The petitioner also introduced testimony to the effect that on three occasions, one in May, 1956, and two in June, 1956, one Teitler, a business agent of Local 1499, accompanied by one DeLeo, a representative of the respondent, called at the office of James and on each of said occasions conferred with its president, James Landro. The latter testified that on the occasion of the May visit Teitler told him, in substance, that he (Teitler) had been ordered to 'give up James,' that Local 1499 would not renew its agreement with James, and that he had brought DeLeo with him to negotiate a contract between James and the respondent. DeLeo, he said, told him that unless such a contract were negotiated James would be 'put out of business.' Landro testified further that on the occasion of both June visits DeLeo assured him that if James entered into a labor agreement with the respondent it would receive favored treatment at the hands of the union in its relations with its employees, adding, on the second June visit, on June 13, that if James failed to enter into such an agreement pickets would be stationed at its premises. At the time of the last-mentioned visit Local 1499 had already written James (letter of June 7, 1956, petitioner's exhibit 3) to the effect that it did not intend to renew its agreement with James because it 'does not have jurisdiction over this type of shop.' A copy of the letter, it stated, was being sent to the respondent.

 On June 18, 1956 two of the respondent's representatives picketed the James premises, carrying signs bearing the following legend:

 'This is organizational picketing -- appeal to the production employees of James Knitting Mills -- your present collective agreement expires on August 31, 1956. Don't permit strange unions who know nothing about knitgoods to represent you -- join the Knitgoods Workers Union -- Local 155, the recognized representative in the knitgoods industry -- Knitgoods Workers Union Local 155 -- affiliated with the International Ladies Garment Workers Union AFL -- CIO.' (Petitioner's exhibit 1.)

 The petitioner offered evidence of two incidents involving employees of concerns doing business with James. One Vito Pennola testified that on or about June 27, 1956 he called at the James premises to deliver certain material, and while approaching the entrance was informed by one of the respondent's pickets that there was a strike at the James plant. Pennola refused to make the delivery. He stated that he made a delivery to James in July, no pickets being present at the time.

 Carl D'Alba, an employee of M. Taub Pearl Button Co., which transacts business with James, testified that in July, 1956, he called at the James premises to deliver merchandise ordered from his employer. As he approached the plant he observed two representatives of the respondent picketing the premises. One of them asked him where he was going, and when he informed him that he was about to make a delivery to James, the picket put his hand in front of him, and told him that he could not enter the plant. He made no delivery on that occasion. While the testimony respecting the date of the occurrence was somewhat less than conclusive I am inclined to believe that it took place after July 10, the date of the certification of Local 710. The respondent's picket who was involved in the incident did not testify at the hearing.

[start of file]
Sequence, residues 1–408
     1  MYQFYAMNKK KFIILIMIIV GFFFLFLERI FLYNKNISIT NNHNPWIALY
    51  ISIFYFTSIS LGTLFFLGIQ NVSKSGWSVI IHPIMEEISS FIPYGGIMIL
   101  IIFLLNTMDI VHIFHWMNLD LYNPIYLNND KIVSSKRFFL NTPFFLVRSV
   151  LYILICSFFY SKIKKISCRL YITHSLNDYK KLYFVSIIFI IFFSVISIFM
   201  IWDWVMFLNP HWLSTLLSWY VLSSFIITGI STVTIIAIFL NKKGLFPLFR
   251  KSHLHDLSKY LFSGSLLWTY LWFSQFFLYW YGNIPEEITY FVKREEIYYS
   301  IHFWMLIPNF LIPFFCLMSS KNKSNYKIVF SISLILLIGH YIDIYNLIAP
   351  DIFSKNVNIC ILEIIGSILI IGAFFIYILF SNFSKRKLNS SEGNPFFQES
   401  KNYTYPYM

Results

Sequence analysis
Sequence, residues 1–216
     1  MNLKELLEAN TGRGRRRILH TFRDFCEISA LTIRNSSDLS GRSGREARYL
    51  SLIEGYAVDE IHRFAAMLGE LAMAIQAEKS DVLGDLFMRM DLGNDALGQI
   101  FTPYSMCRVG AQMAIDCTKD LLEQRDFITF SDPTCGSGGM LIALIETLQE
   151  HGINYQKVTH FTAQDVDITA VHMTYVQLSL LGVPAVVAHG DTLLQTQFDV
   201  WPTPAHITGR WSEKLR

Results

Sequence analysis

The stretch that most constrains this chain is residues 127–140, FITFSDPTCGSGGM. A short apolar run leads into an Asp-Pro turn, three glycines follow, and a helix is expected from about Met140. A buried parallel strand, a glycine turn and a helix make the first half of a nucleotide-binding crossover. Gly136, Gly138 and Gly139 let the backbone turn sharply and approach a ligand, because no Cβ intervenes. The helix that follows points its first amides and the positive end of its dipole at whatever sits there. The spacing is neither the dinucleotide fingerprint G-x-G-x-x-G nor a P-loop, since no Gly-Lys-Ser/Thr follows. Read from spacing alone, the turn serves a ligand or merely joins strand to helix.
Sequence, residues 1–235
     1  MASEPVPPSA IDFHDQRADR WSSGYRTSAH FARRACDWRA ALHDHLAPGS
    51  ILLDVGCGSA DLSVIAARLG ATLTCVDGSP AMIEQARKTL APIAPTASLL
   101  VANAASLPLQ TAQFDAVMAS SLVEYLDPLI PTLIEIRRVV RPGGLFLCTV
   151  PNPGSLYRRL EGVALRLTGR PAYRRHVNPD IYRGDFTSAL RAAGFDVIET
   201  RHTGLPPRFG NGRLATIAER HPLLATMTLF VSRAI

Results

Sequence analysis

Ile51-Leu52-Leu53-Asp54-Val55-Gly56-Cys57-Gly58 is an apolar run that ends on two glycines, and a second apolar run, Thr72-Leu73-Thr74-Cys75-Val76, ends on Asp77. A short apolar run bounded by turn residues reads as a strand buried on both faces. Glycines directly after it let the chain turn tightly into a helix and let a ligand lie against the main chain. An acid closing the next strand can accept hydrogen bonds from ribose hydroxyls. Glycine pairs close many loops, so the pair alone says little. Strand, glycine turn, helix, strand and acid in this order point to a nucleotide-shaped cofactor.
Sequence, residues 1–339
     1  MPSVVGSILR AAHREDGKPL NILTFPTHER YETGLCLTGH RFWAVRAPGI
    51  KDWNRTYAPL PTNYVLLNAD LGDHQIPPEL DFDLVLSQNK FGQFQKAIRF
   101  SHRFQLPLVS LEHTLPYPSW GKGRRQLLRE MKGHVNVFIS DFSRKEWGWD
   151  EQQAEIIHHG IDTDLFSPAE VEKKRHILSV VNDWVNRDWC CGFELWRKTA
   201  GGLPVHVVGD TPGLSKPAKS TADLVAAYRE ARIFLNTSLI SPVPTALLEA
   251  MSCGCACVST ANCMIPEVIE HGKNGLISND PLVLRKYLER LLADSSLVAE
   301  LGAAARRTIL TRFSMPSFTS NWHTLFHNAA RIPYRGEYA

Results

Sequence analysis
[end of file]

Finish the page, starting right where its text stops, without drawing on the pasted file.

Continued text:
Joseph LaRocco, an officer of Local 710, testified respecting several conversations which he had had with the respondent's pickets after his union had been certified by the Board, but nothing which he reported the pickets as having said to him was violative of the Act. In substance the foregoing was the extent of the evidence offered by the petitioner at the hearing on September 11 and 13.

 On October 16 the petitioner, by order to show cause, applied for leave to reopen the hearing for the introduction of the testimony of two additional witnesses, Marrianna Postilio and Emma Edwards. The former, it was claimed, was ill and unavailable on September 11 and 13, the dates of the hearing. This proceeding being equitable in nature the application was granted and the continued hearing set for October 26, providing the respondent with ample time for preparation.

 Mrs. Postilio's testimony related to certain incidents which occurred on July 9 and on July 12 or 13. She testified that one Slotnick, a representative of the respondent, who was picketing the James premises, accosted her as she was entering the building, offered to pay her if she would carry a sign, and promised her a better job if she would join his union.

 Mrs. Edwards' testimony was confined to an incident which occurred on September 17, which postdates not only the petition but also the hearing. She testified that one Frumkin, a picket for the respondent, approached her as she was entering the James plant on September 17, and made substantially the same offer to her as Slotnick had made to Mrs. Postilio.

 In sum, then, the aforementioned acts, except (1) the picketing which continued after July 10, 1956, (2) the conversation between LaRocca and the pickets, (3) the D'Alba incident, and (4) the incidents referred to in the testimony of Mrs. Postilio and Mrs. Edwards, occurred prior to July 10, 1956, the date of the certification of Local 710, and virtually all of them took place after June 7, 1956, the date of Local 1499's letter to James, advising it that the former did not intend to renew its collective agreement.